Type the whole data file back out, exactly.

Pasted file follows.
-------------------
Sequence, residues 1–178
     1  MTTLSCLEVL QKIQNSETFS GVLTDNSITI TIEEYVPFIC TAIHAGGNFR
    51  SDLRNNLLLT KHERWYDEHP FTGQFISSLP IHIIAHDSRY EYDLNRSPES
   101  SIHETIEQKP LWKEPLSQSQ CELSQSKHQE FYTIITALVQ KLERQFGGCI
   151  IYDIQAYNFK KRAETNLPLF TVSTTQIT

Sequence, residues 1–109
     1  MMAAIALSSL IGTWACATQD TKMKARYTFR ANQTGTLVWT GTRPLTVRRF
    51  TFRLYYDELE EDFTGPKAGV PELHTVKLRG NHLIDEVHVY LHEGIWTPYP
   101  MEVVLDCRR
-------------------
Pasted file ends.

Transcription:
Sequence, residues 1–178
     1  MTTLSCLEVL QKIQNSETFS GVLTDNSITI TIEEYVPFIC TAIHAGGNFR
    51  SDLRNNLLLT KHERWYDEHP FTGQFISSLP IHIIAHDSRY EYDLNRSPES
   101  SIHETIEQKP LWKEPLSQSQ CELSQSKHQE FYTIITALVQ KLERQFGGCI
   151  IYDIQAYNFK KRAETNLPLF TVSTTQIT

Sequence, residues 1–109
     1  MMAAIALSSL IGTWACATQD TKMKARYTFR ANQTGTLVWT GTRPLTVRRF
    51  TFRLYYDELE EDFTGPKAGV PELHTVKLRG NHLIDEVHVY LHEGIWTPYP
   101  MEVVLDCRR